• Pay close attention to the language and metaphors that they are using.
  • Honour our client's limits.

Explore stories of the little furry friend first arriving. Why did they first decide to bring a dog into their home? Logical reasons are fine, but we want to know what their dreams were and what an ideal day looks and feels like. The time we spend uncovering these details is time spent building a common frame.

Keep digging until we can actually feel empathy for the people sitting across from us. That's when we know we have a shared frame.

Start paying closer attention to the language they use. Language and metaphor define the edges of their frame and give us clues on where we can build a shared frame. They allow us to speak a more common language and build trust.

And last, but not least, always honour your client's limits, even if it makes the protocol and program you are recommending more challenging than normal. We once had a client that took a few weeks before they were comfortable initiating a key procedure. In the past, we would have pushed. Instead, we built inroads and became allies until such time as we could all practice the behaviour modification protocol with joy.

We know we are in the third frame when our behaviour begins to change:

  • We find ourselves pausing to take a breath before reacting to a statement or question that previously would have caused us distress or to rant. This gives us time to remember that they are doing the best they can to help their dog.
  • We frame what we say within the context of our client's stressors and goals. The language we use has become more fluid.
  • We spend a lot more time giving positive feedback and encouragement to the client.
  • We let some of our higher-priority things go while we work on the behaviours that are more pressing for our client and their shared relationship with their furry friend.
  • We stop always trying to be right and stay focused on why we are there.

Tenuous New Ground

Our efforts at Wildflower to create a shared frame with our clients is challenged weekly. That lovely new training client that waits until we are about to walk out the door before lifting up a shock collar to ask if they should use this thing that their neighbour gave them. Or someone that continues to ask about dominance and their need to be seen as the alpha of the pack.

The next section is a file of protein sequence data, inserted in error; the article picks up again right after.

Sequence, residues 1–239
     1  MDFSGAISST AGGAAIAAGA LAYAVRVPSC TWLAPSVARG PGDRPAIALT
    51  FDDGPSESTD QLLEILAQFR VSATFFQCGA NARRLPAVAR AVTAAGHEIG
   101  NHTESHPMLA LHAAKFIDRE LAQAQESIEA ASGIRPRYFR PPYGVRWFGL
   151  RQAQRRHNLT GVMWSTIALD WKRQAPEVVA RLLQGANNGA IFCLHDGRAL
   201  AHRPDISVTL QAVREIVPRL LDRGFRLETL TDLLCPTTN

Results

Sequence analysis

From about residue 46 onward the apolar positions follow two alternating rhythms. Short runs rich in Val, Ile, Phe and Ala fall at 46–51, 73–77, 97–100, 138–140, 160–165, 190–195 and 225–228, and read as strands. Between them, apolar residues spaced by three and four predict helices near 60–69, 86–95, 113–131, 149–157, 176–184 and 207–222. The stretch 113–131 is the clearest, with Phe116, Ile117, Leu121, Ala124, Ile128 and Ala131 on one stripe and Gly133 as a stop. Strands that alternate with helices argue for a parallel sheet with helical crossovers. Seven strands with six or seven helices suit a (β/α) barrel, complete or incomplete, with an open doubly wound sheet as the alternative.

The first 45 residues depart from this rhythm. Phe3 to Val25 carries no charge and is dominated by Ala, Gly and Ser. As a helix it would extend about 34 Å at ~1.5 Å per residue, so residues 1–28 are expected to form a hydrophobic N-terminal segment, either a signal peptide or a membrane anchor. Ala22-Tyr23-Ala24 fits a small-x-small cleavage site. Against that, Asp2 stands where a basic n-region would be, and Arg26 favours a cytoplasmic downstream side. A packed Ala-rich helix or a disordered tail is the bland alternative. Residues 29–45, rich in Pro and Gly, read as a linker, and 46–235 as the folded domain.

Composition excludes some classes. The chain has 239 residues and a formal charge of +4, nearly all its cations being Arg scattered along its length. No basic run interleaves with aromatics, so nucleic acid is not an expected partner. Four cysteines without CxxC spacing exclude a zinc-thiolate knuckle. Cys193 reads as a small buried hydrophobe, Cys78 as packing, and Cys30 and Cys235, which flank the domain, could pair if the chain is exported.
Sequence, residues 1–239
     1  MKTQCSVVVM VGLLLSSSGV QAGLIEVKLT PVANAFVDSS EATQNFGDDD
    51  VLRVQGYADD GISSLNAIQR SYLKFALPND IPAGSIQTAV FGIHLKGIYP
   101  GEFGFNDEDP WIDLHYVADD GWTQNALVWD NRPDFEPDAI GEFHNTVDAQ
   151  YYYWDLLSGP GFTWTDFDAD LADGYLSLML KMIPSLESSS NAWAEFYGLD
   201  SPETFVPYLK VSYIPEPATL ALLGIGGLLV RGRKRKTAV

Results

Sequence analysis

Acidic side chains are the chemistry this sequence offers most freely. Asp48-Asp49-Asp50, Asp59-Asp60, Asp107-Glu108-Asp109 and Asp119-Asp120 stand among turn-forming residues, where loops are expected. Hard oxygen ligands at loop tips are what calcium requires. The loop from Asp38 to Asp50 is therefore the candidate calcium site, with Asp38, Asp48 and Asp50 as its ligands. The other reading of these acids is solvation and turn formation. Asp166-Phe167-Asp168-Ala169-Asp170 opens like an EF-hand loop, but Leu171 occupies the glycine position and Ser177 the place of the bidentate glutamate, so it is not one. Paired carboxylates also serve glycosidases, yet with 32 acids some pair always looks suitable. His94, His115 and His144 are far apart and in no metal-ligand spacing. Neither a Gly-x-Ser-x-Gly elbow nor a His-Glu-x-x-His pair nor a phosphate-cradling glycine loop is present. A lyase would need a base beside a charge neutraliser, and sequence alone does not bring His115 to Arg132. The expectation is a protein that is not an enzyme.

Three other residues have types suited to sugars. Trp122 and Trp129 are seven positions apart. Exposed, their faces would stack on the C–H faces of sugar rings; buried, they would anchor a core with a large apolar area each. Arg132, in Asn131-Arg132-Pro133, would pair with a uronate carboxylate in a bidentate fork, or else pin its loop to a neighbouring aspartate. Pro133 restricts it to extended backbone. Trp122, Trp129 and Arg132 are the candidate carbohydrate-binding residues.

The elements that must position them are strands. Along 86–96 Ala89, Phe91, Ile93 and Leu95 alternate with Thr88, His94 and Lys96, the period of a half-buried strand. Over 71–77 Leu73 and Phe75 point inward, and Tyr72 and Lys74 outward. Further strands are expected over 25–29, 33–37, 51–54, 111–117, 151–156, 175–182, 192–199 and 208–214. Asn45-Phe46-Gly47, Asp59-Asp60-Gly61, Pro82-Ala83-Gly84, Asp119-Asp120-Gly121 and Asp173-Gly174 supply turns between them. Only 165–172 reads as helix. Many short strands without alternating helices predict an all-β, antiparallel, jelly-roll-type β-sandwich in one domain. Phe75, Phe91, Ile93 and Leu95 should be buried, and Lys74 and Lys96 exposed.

Creating a shared frame is not about stepping away from our values. It is just the opposite. It is creating a space where we are able to listen and understand the other. And from there, become someone they can safely ask questions of. And if we do it well, we can reach them with our answers because we understand where we are aligned.

The woman who asked about the shock collar surprised us and so we began to lecture until we remembered our frame and that we both adore her little dude. And we could feel and relate to her stress and desperation. Being evicted was not an option for her. And so we can be kind and understand what she is really asking. We can answer with compassion and offer her a follow-up sooner than we had previously agreed, while commending her for not using the shock collar and for asking us about it.

There will be clients that aren’t right and that we need to walk away from. It’s happened and it will happen again. These are the hardest because these are people who clearly love their dog but come from a very different world of command and control, punishment and obedience. The fact that they are reaching out to us shows that they are looking for another way in at least one area of their life. And we hate to fail them. We will do a lot to find common ground for a conversation, but our values will never budge.

One quick aside. We can't enter a shared frame without being willing to learn and change, ourselves. This may be the scariest part of this work. We expect our clients to be open to learning, but upon reflection, we had to ask if we were using a double standard. There were certainly times that we expected from them what we often weren't willing to grant. 

So is all this work to create a shared frame worth it?

We measure the impact of our behaviour modification program with a survey of five baseline questions. Clients that participate are surveyed the day after our first session, at two weeks, a month, three months and nine months.

Creating shared frames with our clients has been the single greatest thing we have ever implemented. Participation, which we define as practicing the protocols we recommend, has skyrocketed, as has our clients' confidence in themselves and their dogs. And not surprisingly, their dog’s issues are improving across the board. And from the business point of view, our Net Promoter Score has climbed over 10 points and is now in the 90s. 

Even the very first time we tried, we left the household and actually gave each other a high five. It was one of the most positive and reinforcing sessions we had ever had. 

Changing our frame has also led to us to change the protocols we use, but more on that at a later date.